http://cpuboss.com/cpus/Intel-Core-i7-4700HQ-vs-In... is one such comparison But I'll share a few findings that don't match benchmarks.
    I code on V8(chromium code) and my compiles before took 1:10-1:15 this new laptop compiles the same code fresh in ~45 minutes... that's WAY better than 5% useless increase vs the misleading benchmarks I see places. Yes it's my use case but my findings show Haswell helps ALOT. and is a nice perf boost for my use case.
    ALSO my Samsung 840 Pro speed went up 15% because of the new chipset :)
    Ivy-Bridge = http://imgur.com/W9svCDT
    Haswell = http://imgur.com/wctqtdQ

    Note: I don't keep the code I compile on the SSD, compiling is mainly CPU bound this generation and not really disk bound so the code is all on an HDD.
    Reply
  • JarredWalton - Wednesday, July 31, 2013 - link

    If you're comparing two different laptops with different chipsets, there's a lot more at play than just the CPU upgrades. I don't even know how CPU Boss tested those two chips, but depending on what you're doing Haswell is either slightly to moderately faster than Ivy Bridge. With a clean install of Win7 on a laptop vs. a typical OEM install on a laptop, or differing HDDs/SSDs, RAM, chipsets, etc. everything is subject to change. Reply
  • Heavensrevenge - Wednesday, July 31, 2013 - link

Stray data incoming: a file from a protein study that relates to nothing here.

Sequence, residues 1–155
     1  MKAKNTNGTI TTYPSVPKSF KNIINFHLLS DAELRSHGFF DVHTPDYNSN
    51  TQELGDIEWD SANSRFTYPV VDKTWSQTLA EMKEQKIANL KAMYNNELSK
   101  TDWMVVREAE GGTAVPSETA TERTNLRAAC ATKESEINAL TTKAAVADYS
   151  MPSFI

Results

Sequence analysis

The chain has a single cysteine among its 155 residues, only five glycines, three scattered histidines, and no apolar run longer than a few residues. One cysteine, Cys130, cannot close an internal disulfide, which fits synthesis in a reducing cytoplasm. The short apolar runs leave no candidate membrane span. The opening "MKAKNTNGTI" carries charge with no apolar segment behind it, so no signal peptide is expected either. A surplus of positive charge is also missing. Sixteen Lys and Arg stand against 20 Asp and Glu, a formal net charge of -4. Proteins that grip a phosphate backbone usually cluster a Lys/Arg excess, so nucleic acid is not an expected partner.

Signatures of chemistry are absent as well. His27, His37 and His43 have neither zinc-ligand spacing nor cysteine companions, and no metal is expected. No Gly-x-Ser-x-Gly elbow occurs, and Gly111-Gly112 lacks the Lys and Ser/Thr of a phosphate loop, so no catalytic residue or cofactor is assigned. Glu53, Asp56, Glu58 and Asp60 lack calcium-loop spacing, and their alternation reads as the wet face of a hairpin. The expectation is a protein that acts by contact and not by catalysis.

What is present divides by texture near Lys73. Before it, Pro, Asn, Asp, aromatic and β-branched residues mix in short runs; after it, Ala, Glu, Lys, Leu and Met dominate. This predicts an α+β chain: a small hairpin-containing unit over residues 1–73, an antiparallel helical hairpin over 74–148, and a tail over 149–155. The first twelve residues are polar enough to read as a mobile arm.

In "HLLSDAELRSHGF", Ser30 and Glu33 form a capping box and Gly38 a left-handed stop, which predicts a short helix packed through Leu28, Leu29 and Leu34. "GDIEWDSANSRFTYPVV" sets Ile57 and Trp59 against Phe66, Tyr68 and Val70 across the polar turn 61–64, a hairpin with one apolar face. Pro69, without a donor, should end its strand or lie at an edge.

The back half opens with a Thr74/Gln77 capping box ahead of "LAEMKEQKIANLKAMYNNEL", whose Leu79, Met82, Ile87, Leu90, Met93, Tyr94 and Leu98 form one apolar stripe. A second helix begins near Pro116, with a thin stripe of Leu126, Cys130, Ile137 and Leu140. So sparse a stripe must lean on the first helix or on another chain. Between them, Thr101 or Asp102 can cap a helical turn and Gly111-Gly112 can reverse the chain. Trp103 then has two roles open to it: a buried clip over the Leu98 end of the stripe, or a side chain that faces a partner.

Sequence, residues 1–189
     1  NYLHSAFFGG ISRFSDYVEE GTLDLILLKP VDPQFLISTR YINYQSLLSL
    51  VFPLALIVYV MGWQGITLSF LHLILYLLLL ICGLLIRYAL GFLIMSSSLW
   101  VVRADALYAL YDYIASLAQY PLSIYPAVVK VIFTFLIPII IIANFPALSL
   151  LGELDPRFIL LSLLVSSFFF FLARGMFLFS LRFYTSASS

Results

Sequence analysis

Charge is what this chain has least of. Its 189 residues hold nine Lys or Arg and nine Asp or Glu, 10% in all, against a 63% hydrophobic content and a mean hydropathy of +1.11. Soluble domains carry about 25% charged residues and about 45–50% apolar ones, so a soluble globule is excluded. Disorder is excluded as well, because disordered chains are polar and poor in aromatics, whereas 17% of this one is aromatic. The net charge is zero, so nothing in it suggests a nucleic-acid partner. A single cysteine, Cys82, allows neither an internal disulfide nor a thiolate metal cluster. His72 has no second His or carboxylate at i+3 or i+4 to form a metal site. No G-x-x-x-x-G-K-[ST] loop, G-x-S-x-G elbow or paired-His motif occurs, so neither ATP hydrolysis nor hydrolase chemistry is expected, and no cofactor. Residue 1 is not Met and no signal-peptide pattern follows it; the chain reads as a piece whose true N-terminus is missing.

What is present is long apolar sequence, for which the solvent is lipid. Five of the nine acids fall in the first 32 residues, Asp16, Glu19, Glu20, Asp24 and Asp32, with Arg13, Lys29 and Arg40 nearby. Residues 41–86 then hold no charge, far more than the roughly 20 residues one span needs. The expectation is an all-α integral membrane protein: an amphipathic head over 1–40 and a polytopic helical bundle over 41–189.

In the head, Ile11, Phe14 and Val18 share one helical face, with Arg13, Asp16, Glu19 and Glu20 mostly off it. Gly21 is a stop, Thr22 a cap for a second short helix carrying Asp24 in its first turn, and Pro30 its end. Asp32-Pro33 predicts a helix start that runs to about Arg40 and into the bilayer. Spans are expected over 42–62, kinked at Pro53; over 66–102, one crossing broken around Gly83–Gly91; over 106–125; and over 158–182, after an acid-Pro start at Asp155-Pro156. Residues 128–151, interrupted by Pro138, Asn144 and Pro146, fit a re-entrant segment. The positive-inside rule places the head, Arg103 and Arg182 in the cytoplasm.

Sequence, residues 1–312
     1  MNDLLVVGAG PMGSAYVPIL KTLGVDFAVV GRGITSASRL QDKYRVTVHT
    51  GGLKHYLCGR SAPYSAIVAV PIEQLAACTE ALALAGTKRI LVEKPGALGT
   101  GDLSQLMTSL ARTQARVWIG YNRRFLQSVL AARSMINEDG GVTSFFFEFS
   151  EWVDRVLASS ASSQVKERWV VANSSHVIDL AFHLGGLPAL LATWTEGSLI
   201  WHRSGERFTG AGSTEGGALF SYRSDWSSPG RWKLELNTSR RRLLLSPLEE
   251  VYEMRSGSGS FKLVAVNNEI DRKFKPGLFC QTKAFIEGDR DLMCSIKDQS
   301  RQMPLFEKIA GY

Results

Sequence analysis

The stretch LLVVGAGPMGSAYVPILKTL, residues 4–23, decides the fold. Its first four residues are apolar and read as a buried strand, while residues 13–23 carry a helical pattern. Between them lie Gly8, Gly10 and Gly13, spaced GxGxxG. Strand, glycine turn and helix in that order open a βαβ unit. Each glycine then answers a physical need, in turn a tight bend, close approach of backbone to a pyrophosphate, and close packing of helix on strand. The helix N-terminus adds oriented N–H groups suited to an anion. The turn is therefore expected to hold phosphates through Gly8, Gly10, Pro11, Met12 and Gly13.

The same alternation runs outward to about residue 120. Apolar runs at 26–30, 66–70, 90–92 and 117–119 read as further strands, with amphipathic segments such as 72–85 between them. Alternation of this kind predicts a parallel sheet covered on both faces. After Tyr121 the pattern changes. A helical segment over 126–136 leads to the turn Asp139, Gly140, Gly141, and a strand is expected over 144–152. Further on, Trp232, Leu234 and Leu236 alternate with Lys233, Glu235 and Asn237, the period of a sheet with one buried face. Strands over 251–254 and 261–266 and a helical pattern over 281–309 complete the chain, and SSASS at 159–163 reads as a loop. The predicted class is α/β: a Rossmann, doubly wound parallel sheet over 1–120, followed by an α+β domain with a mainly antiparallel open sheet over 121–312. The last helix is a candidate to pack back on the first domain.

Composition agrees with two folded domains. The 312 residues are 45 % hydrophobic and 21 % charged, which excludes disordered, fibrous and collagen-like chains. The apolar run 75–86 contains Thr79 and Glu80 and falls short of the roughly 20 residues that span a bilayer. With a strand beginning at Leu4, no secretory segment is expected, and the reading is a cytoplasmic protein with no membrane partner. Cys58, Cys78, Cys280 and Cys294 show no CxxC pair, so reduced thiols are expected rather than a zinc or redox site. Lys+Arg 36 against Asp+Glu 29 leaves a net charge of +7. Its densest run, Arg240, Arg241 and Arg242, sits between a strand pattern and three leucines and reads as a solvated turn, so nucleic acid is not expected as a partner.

Actually I just swapped out my Primary boot SSD + OS which is Win 8.1 of about a month old, so all software configs and compilation toolchain+compiler are identical. Mainly the massive difference is moving to the newer generation CPU+chipset but that enough has an astounding performance boost.
    It's ALL from the Haswell improvements with memory latency etc, it has made a larger impact for me than something like a Win(crap)RAR compression benchmark comparison :P
    I'm just saying my personal findings to be far more impressive and different than the benchmarks have noted what Haswell + what Haswell's plug into offer in terms of performance.
    Reply
  • JarredWalton - Thursday, August 01, 2013 - link

    I'm still not quite getting your comparison. What was the new laptop (and hardware), and what's the old laptop (and hardware)? Reply
  • extide - Thursday, August 01, 2013 - link

    It sounds like your old laptop was probably throttling the CPU when all 4 cores/8 threads were loaded, and now with the new haswell setup you are not throttling and thus seeing a significant perf boost because you weren't actually getting all the perf you should have on the Ivy setup in the first place. Reply